Each film will be soft-titled, audio-described and British Sign Language interpreted, with a Palantype transcription simultaneously projected during more practical sessions.

For more information, visit:

BECTU (Broadcasting Entertainment Cinematograph and Theatre Union) is the independent union for those working in broadcasting, film, theatre, entertainment, leisure, interactive media and allied areas who are primarily based in the United Kingdom.

Docent Training at USHMM

Today I got the opportunity to visit the United States Holocaust Memorial Museum. I had met with the staffer who helps to train docents for the Guided Highlights Tour. One of the things she encouranges is to have actual people with disabilities visit the trainees and do a “walk-through” of the tour to give the trainees the opportunity to see what it is like and (for the visually impaired visitor) learn what kinds of information they need to explain visually.

It is a fantastic 2-3 hour tour. Granted, I was only there to assist in the training so it was much shorter, about an hour or so. But the opportunity to actually work with guides and talk to them about what is good to explain and what they might not think of was just invaluable. A good example might be in their “meditation” area. Which is this area with seats. It has white abstract art on white walls. It was the trainer who pointed it out to the docents and even me that the white art would be something that they might have to explain. I had not even known it was there so I couldn’t have even pointed out to them and asked them to explain it! But you can bet those guides would make sure it was mentioned the next time.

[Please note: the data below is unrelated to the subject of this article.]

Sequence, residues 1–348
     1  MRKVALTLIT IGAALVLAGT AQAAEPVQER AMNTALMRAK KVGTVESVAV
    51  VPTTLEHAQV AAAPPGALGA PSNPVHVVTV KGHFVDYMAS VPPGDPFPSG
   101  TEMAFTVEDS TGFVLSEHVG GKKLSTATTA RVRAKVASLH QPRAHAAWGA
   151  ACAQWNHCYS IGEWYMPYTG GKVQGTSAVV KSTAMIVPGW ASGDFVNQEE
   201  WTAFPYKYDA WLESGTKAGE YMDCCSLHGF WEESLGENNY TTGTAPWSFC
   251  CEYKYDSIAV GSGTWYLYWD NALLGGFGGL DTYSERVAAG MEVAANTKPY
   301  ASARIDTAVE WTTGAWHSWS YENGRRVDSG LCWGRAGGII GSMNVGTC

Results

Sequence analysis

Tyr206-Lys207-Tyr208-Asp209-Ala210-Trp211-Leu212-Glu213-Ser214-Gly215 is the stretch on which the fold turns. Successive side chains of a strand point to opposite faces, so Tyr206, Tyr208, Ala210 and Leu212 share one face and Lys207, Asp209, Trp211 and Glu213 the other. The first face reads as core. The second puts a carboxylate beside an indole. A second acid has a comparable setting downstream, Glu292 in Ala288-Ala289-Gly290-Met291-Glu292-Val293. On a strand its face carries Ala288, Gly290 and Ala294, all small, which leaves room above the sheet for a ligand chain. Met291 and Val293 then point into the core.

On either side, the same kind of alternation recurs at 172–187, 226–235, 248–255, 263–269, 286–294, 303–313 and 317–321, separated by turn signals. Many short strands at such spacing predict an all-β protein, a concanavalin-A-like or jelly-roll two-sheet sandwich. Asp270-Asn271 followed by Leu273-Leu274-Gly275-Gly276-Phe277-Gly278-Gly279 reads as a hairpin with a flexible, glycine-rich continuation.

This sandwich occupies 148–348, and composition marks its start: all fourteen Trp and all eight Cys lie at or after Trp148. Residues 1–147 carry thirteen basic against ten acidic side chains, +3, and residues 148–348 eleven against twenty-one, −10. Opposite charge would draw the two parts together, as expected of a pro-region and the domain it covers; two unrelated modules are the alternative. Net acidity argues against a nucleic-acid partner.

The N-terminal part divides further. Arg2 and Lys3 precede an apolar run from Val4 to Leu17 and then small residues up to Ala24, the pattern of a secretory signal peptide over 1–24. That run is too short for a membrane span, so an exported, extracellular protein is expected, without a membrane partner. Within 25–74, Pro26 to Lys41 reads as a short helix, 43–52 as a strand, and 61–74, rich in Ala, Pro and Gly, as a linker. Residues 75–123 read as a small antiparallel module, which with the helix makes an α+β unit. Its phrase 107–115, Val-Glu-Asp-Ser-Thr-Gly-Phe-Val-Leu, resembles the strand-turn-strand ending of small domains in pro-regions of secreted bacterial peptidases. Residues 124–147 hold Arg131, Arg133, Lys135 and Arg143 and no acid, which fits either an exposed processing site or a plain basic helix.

On a purely personal level, the museum was fascinating. Not the depressing, sad tour I imagined. Sobering yes, meaningful yes, but not the dreariness that I expected. I encourage any blind or visually impaired person, or actually any person, visiting Washington DC to call the Holocaust Memorial Museum and ask for Guided Highlights Tour. They have really gone out of their way to make it as accessible as possible. No mean feat considering the amount of pictures, and videos and information that is “under glass.” But they gave good solid explanations and even had tactile items at various points in the tour. I am definitely going to visit again.

Perhaps I can explore some other sights in the DC area and compile a list of museums and art galleries that are accessible and/or visual impairment friendly.